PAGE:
All of these curiosities play spectacularly on A Brief Inquiry. The album is similar to its predecessor in its boundless sense of style, swerving from Afrobeats to the brushed-snare jazz balladry to one track that sounds like a trap remix of a Bon Iver ayahuasca trip. But while I like it when you sleep sometimes it could be a tick too clever and unwieldy, A Brief Inquiry, produced almost entirely by Healy and drummer George Daniel, is more purposeful. Take that Bon Iver-type freakout, "I Like America & America Likes Me," where Healy's voice is transformed into a smear of Auto-tuned slogans, an adbot on the fritz. But listen closely and his bionic spasms start sounding like the meter readings of a society that is moving too fast to process anything in a meaningful way. "I'm a liar?! / Will this help me lay down ?!" Healy yelps, too harried to stop for answers, too wired to take a nap. It's impossible to tell exactly where its actual voice ends and where the digitized effects take hold.
When it comes to 1975's more widescreen scope-filming in culture's cultures along with personal ones – the album hits a daunting apex with "Love It's Made It". It's the rare Anthem for Our Time that actually gets the job done: This thing holds the mirror up to our collective faces so close you can see your breath on it. As the gargantuan drums clear and the path before him, Healy mimics the endless scroll, where dead rappers and dead rappers all slide by on the same timeline. He recasts one of the year's most cursed tweets- "Thank you Kanye, very cool!"-Into one of the year's best lyrics, in turn laying bare Ye's current fallen status as nothing more than mere flotsam for the churning news cycle. Healy repeats the track's title for a vaguely optimistic hook, but his gasping delivery tells a different story. The song ends with staccato strings that recall a clock ruthlessly ticking down the seconds.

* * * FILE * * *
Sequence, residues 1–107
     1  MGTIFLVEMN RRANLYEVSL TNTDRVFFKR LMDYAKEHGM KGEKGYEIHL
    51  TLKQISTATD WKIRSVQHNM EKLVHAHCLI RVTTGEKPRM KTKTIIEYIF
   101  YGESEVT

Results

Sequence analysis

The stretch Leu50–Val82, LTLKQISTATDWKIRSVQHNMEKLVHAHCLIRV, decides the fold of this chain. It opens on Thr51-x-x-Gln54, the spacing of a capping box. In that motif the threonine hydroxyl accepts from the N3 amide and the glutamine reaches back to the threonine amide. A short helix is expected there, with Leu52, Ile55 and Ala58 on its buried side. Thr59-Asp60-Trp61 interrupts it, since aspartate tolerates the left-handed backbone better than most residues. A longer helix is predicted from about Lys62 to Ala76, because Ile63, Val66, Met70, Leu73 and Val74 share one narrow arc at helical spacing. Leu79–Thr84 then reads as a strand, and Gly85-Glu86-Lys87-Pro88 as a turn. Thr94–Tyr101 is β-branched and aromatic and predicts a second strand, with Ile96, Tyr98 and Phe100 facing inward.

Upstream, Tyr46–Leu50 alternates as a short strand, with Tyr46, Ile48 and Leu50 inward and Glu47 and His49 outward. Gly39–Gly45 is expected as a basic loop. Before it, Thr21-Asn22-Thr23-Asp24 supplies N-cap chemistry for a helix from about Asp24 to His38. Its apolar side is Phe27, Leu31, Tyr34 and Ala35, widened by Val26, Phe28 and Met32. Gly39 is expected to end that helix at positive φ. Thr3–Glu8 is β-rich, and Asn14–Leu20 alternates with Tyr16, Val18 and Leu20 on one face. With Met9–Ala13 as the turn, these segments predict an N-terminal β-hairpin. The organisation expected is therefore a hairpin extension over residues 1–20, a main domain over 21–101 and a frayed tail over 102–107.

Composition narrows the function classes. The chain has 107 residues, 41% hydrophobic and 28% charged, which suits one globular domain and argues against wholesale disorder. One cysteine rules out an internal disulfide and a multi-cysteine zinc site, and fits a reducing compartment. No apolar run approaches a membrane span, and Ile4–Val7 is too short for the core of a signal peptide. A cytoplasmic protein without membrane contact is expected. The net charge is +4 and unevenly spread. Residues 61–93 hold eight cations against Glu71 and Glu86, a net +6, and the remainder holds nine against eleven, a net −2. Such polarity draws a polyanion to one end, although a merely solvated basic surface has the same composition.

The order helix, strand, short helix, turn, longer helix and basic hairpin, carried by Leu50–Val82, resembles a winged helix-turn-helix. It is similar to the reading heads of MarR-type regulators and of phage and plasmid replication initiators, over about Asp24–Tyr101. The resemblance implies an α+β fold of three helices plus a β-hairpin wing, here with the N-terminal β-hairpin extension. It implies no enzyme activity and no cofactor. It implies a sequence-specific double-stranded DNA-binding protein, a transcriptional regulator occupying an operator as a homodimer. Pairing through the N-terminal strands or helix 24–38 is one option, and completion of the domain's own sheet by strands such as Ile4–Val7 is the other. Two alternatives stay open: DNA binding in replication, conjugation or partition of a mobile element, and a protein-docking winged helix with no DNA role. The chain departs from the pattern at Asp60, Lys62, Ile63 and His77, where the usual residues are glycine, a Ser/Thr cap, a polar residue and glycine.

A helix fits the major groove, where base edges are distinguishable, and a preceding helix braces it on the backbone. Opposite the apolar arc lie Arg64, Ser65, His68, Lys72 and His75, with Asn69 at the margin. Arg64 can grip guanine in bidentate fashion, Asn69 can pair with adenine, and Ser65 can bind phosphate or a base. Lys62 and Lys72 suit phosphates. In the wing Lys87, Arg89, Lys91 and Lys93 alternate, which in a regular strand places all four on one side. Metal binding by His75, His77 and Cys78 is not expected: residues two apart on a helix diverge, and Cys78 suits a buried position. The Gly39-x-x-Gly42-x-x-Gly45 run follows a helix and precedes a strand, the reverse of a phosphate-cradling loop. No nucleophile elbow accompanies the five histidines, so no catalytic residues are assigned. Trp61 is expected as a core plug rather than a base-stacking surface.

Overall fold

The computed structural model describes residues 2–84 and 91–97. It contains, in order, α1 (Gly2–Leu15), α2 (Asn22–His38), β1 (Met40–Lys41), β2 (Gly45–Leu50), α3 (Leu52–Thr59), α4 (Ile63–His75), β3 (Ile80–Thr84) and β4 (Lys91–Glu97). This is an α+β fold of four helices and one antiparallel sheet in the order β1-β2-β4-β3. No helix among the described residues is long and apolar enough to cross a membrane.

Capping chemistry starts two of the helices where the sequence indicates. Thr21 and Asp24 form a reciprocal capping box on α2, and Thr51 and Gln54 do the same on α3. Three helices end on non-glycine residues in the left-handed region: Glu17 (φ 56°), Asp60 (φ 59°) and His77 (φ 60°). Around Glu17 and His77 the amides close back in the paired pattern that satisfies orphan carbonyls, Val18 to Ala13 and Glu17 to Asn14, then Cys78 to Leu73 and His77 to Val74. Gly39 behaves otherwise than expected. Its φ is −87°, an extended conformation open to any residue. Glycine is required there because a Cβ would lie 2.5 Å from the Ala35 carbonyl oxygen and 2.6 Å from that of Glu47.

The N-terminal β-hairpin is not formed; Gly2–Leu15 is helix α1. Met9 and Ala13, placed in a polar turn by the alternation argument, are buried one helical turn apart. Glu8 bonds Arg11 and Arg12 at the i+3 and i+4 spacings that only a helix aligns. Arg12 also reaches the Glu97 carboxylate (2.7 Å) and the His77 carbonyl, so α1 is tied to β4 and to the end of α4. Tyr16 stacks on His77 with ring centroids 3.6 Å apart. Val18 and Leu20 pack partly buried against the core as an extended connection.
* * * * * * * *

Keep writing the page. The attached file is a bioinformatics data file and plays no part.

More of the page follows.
According to A Brief Inquiry, if there is any sort of solution to our modern apocalyptic situation, it involves stepping outside, risking a broken heart, and searching for connections beyond the screen. And yet, Healy is the first to acknowledge that this is harder than ever to do: The album's only marriage is presented as a cautionary tale, read by Siri, about a troll who falls in love with the internet. "The Man Who Married and Robot" acts as a sequel to "Fitter Happier," Radiohead's Doomsaying, robo-voiced nightmare from OK Computer. It sits atop a bed of treacly piano plinks, like a demented parody of a Facebook commercial that is desperately trying to get you to log on again. In the end, the troll dies. The internet does not.